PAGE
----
In fact, there are suddenly a lot of issues being raised about this 2013 timeline can be met, and it seems if enough alternative tests are not "developed and validated before March 2013" testing will still continue.

You're probably wondering why I'm acting all weird with Revlon when the email seems to clear them, right? Hopefully you have already read my post on the Leaping Bunny program to the right under July 2011. Leaping Bunny uses third party auditors to check up on companies to verify that they adhere to the animal testing guidelines they tell us they are using. Any company can be put on the Leaping Bunny list for FREE. Leaping Bunny has a page on their website (here) asking people to contact Revlon and insist on them taking the pledge, since they already declare that they are already cruelty free and not only that but practicly a pioneer for animal rights. It isn't explicitly said anywhere, but it seems Leaping Bunny has been trying to get Revlon on their list for a while.
Regarding why a company may not want to join the program and take the pledge, the Leaping Bunny website states:
"Some companies choose not to join the Leaping Bunny Program because they continue to conduct or commission animal testing for their ingredients or formulations, or they wish to reserve the right to test on animals in the future. Other companies simply may not realize the importance of joining the program to demonstrate their commitment against the use of animals in product testing."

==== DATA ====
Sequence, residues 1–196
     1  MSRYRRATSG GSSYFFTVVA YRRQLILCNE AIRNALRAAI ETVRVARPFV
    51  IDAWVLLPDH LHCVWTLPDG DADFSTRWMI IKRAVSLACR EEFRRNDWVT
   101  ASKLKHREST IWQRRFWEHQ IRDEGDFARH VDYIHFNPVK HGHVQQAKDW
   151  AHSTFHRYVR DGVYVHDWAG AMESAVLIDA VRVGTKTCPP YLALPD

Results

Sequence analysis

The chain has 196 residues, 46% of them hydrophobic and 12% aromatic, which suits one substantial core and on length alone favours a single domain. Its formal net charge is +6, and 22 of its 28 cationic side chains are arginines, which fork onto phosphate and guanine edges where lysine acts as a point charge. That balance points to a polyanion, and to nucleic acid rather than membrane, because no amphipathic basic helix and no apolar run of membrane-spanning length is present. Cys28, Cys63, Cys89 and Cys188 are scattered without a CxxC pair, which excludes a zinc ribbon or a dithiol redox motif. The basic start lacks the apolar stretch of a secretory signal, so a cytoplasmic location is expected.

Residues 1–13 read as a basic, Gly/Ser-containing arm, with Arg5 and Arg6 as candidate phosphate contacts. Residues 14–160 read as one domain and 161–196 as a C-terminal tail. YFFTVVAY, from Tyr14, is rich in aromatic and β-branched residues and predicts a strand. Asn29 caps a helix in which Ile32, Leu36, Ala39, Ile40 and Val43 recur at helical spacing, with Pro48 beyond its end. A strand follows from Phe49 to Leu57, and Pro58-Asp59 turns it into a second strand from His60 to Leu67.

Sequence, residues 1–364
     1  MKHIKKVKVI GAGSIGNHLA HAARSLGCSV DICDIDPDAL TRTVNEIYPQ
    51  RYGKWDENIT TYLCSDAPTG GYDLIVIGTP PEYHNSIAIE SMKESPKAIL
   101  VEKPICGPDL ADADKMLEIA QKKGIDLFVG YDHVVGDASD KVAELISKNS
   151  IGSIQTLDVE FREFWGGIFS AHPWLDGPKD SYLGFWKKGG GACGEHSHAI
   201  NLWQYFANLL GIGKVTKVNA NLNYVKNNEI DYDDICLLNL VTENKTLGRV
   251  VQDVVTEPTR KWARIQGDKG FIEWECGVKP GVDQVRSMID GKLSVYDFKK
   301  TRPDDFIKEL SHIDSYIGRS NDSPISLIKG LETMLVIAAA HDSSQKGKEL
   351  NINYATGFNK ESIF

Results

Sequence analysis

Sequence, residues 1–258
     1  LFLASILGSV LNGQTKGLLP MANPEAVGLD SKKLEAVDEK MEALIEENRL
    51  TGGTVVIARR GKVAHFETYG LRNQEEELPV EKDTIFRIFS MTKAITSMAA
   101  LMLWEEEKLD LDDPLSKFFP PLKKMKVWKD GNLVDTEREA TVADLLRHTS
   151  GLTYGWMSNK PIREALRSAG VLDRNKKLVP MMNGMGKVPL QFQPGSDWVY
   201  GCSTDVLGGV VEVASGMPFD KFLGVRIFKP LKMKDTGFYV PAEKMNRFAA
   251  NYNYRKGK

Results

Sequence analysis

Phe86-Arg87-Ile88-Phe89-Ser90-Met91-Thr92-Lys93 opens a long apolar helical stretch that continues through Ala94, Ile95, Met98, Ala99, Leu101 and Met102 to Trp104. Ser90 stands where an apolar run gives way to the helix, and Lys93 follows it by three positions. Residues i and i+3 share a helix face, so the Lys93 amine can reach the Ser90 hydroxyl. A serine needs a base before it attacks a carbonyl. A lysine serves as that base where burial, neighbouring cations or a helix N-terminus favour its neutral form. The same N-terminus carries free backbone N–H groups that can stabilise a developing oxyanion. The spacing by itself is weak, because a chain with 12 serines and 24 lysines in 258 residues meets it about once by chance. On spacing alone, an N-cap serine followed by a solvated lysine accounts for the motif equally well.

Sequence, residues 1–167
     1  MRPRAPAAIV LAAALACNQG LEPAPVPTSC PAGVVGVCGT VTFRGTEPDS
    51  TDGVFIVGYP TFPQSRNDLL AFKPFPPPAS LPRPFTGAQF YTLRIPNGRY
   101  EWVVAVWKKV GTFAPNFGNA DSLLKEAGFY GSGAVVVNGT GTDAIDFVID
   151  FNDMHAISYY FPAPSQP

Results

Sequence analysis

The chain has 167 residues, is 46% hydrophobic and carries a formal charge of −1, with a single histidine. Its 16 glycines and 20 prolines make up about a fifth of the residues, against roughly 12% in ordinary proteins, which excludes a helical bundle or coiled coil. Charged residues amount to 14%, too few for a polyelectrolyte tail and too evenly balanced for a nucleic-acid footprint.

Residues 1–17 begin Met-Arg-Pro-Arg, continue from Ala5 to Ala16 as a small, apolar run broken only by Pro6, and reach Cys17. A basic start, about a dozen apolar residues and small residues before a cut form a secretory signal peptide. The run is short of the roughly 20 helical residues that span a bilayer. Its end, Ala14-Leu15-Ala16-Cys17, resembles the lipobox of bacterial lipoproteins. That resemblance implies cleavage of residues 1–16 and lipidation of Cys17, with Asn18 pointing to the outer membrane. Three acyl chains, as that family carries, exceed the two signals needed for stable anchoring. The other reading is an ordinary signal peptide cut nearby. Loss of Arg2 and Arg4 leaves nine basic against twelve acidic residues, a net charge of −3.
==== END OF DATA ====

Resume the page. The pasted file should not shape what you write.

Overall, I feel as if I need to exercise caution in regards to Revlon. If the email is enough for you that is fine; it would have been enough for me if I hadn't seen the page on leapingbunny.org. Something about this seems not right to me so I'm going to stear clear of their products until I find a definitive answer.

As far as subsidiaries are concerned, I have only been able to find Mirage Cosmetics which Revlon purchased in March of this year.

I just found this article on uncaged.co.uk regrading EU laws regarding animal testing. There are no photographs but some of the descriptions are graphic regarding how animals can be treated in labratories. This is a change trying to be pushed through as of September 2011. If this is legal in the UK, which is a EU country, I'm confused what it not allowed under EU law.


  1. Revlon also own Mitchum deoderants... I am in the process of going cruelty free with all my products - thanks for your helpful post!